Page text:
Annnnnnd now
  • Actual snake oil salespeople making a grab at becoming legitimate medical professionals, grabbing a slice of insurance/public funding for medicine.

No wonder millennials are so weird. I’m sure I missed some things, but dang we’ve been doing our best to turn into a Frank Miller Brian K Vaughan book.

Edited: after reading the We Stand Guard review…


#8

Absolutely! You’ve got your Weltmerism, your thalassotherapy, coffee enemas, chiropracty, rolfing, phrenology, phytotherapy, stuff involving rhino horn or tiger organs, and anything else based on “absolute reliance upon the cosmic forces of man’s nature”. Just because homeopathy is a load of rubbish doesn’t mean some of this other bunkum doesn’t deserve tax dollars.


#9

Meanwhile we can’t get Registered Dietitians to be a protected class in my state because of a confluence of pressure from “nutritionists” and right-wing prickishness about “hindering business.”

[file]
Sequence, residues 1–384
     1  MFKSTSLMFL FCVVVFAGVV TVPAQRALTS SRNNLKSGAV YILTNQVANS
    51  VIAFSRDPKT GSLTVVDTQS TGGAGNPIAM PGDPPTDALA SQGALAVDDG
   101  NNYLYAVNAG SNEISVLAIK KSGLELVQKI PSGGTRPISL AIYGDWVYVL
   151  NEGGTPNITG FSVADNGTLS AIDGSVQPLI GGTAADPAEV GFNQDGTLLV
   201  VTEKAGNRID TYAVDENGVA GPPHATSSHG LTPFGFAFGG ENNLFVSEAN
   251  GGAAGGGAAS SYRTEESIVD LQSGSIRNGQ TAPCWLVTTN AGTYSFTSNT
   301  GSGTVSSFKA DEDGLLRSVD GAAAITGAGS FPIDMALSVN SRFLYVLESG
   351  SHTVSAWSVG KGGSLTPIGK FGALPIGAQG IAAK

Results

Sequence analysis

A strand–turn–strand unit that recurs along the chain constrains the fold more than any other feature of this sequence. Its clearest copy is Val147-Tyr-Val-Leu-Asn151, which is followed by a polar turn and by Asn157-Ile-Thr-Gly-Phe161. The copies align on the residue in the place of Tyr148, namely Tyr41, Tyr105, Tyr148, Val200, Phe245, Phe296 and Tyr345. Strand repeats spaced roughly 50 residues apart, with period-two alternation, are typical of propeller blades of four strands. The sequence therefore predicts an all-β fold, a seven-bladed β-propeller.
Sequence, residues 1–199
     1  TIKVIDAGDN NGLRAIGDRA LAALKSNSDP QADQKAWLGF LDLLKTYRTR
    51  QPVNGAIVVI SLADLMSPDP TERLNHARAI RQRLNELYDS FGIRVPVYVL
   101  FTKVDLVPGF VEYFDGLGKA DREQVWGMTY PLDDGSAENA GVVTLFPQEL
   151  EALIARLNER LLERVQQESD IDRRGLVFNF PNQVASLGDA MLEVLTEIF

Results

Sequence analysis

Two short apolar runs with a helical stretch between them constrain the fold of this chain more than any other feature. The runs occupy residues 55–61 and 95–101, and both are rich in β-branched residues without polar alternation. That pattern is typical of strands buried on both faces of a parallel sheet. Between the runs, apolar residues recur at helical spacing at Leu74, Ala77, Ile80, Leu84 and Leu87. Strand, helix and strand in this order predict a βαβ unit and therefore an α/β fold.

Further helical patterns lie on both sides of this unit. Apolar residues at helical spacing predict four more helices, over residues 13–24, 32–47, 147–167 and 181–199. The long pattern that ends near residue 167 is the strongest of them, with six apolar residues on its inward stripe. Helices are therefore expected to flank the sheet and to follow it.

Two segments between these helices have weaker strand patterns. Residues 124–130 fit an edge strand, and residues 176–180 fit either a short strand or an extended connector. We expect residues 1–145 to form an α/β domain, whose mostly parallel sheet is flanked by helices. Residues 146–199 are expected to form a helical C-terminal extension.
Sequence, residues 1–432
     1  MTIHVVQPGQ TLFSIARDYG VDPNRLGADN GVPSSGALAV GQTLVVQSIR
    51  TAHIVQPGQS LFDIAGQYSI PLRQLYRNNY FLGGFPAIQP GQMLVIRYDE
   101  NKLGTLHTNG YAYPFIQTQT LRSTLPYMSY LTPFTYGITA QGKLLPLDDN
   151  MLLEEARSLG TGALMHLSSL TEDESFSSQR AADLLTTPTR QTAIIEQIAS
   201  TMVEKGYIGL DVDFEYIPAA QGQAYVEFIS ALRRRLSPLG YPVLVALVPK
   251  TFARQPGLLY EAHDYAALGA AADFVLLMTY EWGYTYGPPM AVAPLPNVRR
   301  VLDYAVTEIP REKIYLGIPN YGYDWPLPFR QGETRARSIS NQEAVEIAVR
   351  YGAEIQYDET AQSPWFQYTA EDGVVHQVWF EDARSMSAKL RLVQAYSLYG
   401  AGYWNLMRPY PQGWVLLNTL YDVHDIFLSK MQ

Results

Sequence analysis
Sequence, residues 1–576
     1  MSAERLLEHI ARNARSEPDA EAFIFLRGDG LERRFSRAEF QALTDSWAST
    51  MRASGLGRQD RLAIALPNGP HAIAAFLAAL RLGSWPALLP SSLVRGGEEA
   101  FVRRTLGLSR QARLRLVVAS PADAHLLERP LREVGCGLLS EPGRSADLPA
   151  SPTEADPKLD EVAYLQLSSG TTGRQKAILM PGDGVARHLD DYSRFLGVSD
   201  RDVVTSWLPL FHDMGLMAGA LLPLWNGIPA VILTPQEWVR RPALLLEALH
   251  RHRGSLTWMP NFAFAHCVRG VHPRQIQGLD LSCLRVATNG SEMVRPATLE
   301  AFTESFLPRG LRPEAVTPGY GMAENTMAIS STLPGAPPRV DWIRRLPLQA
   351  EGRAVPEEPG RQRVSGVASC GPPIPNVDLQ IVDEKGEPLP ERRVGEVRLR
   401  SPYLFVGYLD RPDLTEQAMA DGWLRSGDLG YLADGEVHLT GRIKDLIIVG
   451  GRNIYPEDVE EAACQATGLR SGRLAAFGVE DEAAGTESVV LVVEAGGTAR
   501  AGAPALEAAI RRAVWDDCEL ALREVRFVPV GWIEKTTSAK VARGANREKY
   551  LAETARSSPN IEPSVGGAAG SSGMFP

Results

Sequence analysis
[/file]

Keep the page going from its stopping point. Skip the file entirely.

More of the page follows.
#10

Aside from the sponging-off-medicare/medicaid problem; We Are So Totally Doomed if the campaign for quack acceptance ends up allowing insurance companies to treat some (conveniently relatively cheap) eye-of-newt nonsense as ‘standard of care’ and refuse to cover what the non-witchdoctor recommends.

They already enjoy playing “Yeah, denied. How about you go try something cheaper that has already been demonstrated not to work for you.” enough as it is; I’d hate to provide them with more toys for that.


#11

So maybe you could list the parts of naturopathy that have been verified by evidence? If homeopathy is a bit of it that doesn’t work, what ones do?


#12

It wasn’t a study, it was a meta-analysis of dozens of studies.


#13

Exactly. The article bashes homeopathy, and the use of synthetic vitamins (I don’t argue with doing either), but for some reason applies that criticism to all naturopathy.

Herbal medicine, for example, has a peer-reviewed scientific basis. That doesn’t mean I’m a “believer” (personally, I stick to conventionally-prescribed medications), but I don’t dismiss it as pseudoscience of downright woo.


#14

Point taken.
To refine my point — I think you imply causation, however unintentionally, when you cite this article under the ‘Big Vitamin’ headline.